Kent Haruf is a master of understatement, of spare, hauntingly simple prose that becomes even more powerful and affecting when read aloud. And that subdued strength is underscored by Mark Bramhall’s performance of Haruf’s latest novel, Benediction. Set, as are his previous novels, in Holt, a small town on the High Plains of eastern Colorado, it follows the declining days of Dad Lewis’ life. In those last hot summer days, Dad—a good man with understandable flaws—remembers and regrets with unflinching honesty. As we meet his loving, patient wife of 55 years, his daughter, his estranged son, a few family friends and the newly arrived, troubled preacher, we also come to know their stories, their disappointments and missed opportunities—lives lived with quiet yearning and quiet acceptance, brushed by the big questions that don’t get answered. The mood is elegiac, and Haruf’s no-frills dialogue and descriptions mirror the flat, open plains and become a hushed celebration of ordinary people in ordinary circumstances, life-affirming even in the face of death.

Dale Maharidge’s father, Steve, carried a deep rage within him—a rage he brought back from World War II and the Battle of Okinawa, along with undiagnosed and untreated PTSD and blast concussion. He talked little about the war but always kept a photo of himself and a fellow marine with him. When Steve died in 2000, Maharidge, a Pulitzer Prize-winning author, felt impelled to find out about his father’s war. Over the next 12 years, Maharidge sought out and got to know many of the men who had served with his father. Now octogenarians, these members of the “Silent Generation” finally talked, finally described the carnage they and his father had been part of. Bringing Mulligan Home: The Other Side of the Good War, excellently performed by Pete Larkin, is memoir and history, a son’s need to know his father, to understand why his father said, “There are no heroes. You just survive.” Furthermore, Maharidge wants to “put the past in touch with the future”—to help the kids of this generation’s soldiers understand that when the bullets stop, the war goes on for those who fought and for their families.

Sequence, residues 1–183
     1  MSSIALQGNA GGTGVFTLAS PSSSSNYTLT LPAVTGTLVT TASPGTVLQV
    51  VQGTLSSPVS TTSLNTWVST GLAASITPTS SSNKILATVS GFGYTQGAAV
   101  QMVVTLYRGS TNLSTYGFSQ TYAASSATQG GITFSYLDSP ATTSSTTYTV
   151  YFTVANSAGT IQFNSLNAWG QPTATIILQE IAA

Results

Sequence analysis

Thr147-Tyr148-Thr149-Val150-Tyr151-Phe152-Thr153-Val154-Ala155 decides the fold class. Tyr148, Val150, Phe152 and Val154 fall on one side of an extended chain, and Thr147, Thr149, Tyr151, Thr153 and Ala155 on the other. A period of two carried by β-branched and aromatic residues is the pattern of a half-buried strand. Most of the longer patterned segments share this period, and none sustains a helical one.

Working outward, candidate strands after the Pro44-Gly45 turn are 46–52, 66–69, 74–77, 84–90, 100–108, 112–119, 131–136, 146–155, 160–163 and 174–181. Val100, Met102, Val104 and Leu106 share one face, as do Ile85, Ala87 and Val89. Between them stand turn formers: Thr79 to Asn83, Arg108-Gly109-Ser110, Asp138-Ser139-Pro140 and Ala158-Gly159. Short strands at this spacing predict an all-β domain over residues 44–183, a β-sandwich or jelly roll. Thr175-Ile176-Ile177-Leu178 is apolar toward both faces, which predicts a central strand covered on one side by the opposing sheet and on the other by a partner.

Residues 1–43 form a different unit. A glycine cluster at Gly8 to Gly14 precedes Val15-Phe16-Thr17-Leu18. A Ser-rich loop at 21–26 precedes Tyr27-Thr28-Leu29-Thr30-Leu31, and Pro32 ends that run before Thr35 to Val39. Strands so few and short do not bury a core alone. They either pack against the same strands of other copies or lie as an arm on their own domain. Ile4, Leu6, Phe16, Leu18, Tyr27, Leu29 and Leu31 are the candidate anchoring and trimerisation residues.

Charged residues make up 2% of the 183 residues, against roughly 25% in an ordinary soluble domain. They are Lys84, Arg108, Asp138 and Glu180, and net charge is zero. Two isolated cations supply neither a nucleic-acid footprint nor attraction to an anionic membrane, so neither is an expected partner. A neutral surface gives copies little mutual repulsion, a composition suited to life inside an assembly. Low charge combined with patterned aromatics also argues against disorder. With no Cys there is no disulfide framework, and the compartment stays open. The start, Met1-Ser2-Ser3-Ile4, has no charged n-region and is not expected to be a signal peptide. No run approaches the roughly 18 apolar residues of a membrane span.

“Who knows what evil lurks in the hearts of men?” Well, the Shadow knows for sure, and so does Brigid Quinn. White-haired, 59, tough, fit and prone to cracking wise, Brigid is a retired FBI agent, a legendary hunter of sexual predators and the unusual and unusually appealing star of Becky Masterman’s debut thriller, Rage Against the Dying, narrated by the always-superb Judy Kaye. Though haunted by an unsolved case involving a diabolically crafty serial killer who murdered her protégé seven years ago, Brigid has moved on from crime and punishment—and from the horrors she dealt with daily—and has found never-expected happiness married to a former priest and philosophy professor. But her new life starts unraveling when a man confesses to the unsolved murders and Brigid, not buying this confession, begins a desperate, dangerous hunt of her own. OK, I don’t want to spoil this ingeniously plotted story, so I’m not going to give you any more details; you’re just going to have to listen. I got so hooked that I didn’t want to take the earphones off until the very end.

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